So, let's have a look at the listeners.
We're going to use the internal framework listener as the query listener of the Query component:
public QueryListener getQueryListener() 
  return queryListener;
private QueryListener queryListener = new InternalLOVQueryListener();
Handling the returnPopupEvent after selecting the value in the search dialog:  
public void lovSearchListener(ReturnPopupEvent returnPopupEvent)
  UIXInputPopup lovComponent =
    (UIXInputPopup) returnPopupEvent.getSource();

  //Looking for the table component within 
  //seacrhContent facet
  RichTable table = findTable(lovComponent);

  RowKeySet keySet = table.getSelectedRowKeys();

  if (keySet != null && keySet.size() > 0)

    ListOfValuesModel model = lovComponent.getModel();
    Object newVal = model.getValueFromSelection(keySet);
    Object oldVal = lovComponent.getValue();

    //Have we selected anything new?
    //If yes, set it as a value of the LOV and update the model
    if (!ObjectUtils.equal(oldVal, newVal))


Handling the launchPopupEvent just before the search dialog is going to be rendered:
public void lovPopupListener(LaunchPopupEvent launchPopupEvent)
  UIXInputPopup lovComponent =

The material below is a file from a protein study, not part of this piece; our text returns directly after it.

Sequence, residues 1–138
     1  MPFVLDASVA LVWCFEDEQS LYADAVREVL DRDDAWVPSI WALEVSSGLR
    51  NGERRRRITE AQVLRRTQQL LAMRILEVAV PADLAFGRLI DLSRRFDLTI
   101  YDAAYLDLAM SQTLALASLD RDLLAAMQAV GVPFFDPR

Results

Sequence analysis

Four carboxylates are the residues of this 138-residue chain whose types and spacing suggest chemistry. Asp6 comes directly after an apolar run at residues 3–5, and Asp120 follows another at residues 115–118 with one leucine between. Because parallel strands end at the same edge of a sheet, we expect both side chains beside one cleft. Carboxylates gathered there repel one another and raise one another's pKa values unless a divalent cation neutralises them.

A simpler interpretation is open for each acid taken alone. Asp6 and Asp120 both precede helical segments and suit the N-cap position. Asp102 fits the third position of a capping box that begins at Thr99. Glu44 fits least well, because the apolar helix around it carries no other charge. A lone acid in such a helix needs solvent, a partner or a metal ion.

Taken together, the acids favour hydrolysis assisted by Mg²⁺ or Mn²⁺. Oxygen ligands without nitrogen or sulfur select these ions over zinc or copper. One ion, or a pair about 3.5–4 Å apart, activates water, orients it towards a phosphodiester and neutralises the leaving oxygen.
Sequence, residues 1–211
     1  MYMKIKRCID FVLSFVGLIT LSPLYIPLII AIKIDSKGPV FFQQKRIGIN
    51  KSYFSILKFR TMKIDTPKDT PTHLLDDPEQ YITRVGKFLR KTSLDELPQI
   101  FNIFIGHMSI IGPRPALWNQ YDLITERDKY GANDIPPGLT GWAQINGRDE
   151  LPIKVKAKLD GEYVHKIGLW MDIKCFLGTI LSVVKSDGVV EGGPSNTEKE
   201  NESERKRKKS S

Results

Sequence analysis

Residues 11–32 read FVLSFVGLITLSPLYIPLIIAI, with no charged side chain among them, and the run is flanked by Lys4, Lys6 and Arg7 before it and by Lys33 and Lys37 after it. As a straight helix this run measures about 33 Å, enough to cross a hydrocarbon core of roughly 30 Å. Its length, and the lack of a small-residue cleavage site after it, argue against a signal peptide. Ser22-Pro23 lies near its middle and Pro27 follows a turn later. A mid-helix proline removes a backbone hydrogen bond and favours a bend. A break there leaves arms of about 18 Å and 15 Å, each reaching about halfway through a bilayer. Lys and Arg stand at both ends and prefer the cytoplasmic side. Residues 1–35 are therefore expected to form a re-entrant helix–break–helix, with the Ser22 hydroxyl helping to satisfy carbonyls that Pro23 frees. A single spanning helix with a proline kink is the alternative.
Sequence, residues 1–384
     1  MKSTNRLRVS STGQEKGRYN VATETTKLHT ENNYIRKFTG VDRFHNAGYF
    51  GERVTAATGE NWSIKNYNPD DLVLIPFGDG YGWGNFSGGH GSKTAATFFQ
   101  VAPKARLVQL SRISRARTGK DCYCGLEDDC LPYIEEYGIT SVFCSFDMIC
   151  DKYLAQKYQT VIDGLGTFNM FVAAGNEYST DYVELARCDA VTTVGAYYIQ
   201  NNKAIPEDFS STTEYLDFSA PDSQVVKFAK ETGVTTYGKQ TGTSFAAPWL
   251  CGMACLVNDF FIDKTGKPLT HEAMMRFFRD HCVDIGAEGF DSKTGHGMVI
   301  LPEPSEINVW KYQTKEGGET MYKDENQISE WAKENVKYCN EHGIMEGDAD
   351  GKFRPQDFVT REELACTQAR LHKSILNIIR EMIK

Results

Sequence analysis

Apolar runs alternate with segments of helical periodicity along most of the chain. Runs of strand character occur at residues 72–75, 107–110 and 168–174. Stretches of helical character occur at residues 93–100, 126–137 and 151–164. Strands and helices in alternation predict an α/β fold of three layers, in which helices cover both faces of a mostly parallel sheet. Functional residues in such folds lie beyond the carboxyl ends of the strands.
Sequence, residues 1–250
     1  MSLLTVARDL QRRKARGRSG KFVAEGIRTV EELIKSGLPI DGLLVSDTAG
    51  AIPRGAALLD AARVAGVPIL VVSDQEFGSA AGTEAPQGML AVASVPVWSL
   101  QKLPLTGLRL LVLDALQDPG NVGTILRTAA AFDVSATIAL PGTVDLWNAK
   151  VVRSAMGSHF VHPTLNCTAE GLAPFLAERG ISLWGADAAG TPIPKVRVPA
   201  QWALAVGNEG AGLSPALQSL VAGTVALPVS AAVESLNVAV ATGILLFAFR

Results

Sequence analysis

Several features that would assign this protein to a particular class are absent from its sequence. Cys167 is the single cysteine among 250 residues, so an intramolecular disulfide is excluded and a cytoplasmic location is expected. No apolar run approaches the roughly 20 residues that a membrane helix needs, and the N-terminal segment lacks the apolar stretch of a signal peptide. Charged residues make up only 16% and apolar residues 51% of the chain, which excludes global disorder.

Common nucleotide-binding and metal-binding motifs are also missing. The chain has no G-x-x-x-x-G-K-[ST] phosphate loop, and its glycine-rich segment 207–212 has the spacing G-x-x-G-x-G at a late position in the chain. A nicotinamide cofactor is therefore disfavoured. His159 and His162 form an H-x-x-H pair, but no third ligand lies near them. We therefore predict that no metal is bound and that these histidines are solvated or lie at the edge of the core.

(UIXInputPopup) launchPopupEvent.getSource();
  ListOfValuesModel model = lovComponent.getModel();

  if (model != null)
    //Resetting the query component. 
    //So each time whenever the dialog is rendered the query component 
                  //is in its initial state
    QueryModel queryModel = model.getQueryModel();
    QueryDescriptor queryDesc = model.getQueryDescriptor();
    if ((queryModel != null) && (queryDesc != null))
      //Looking for the query component within 
      //seacrhContent facet
      RichQuery query = findQuery(lovComponent);
      if (query != null)

    //If the LOV component has the searchFacet, then the framework fires this
    //event even in case of leaving the LOV component by TAB pressing. 
    //So, we have to check whether the dialog is really need to be launched.
    //And in case of exact match, we don't need any search dialog.
    Object oldVal = lovComponent.getValue();
    if (!ObjectUtils.equal(String.valueOf(oldVal),
      List<Object> autoComplete =
      //Do we have an exact match?
      if (autoComplete != null && autoComplete.size() == 1)
        Object autoCompletedValue = autoComplete.get(0);

        Object newVal = model.getValueFromSelection(autoCompletedValue);
        //We don't need to launch the dialog anymore



The important thing is that these listeners are generic, they don't depend on any particular use-case and they don't depend on any particular LOV component. These methods can be gathered in some utility bean and used across the entire application.
The result of our work looks like this:
The sample application for this post can be downloaded here. It requires JDeveloper R2.

That's it!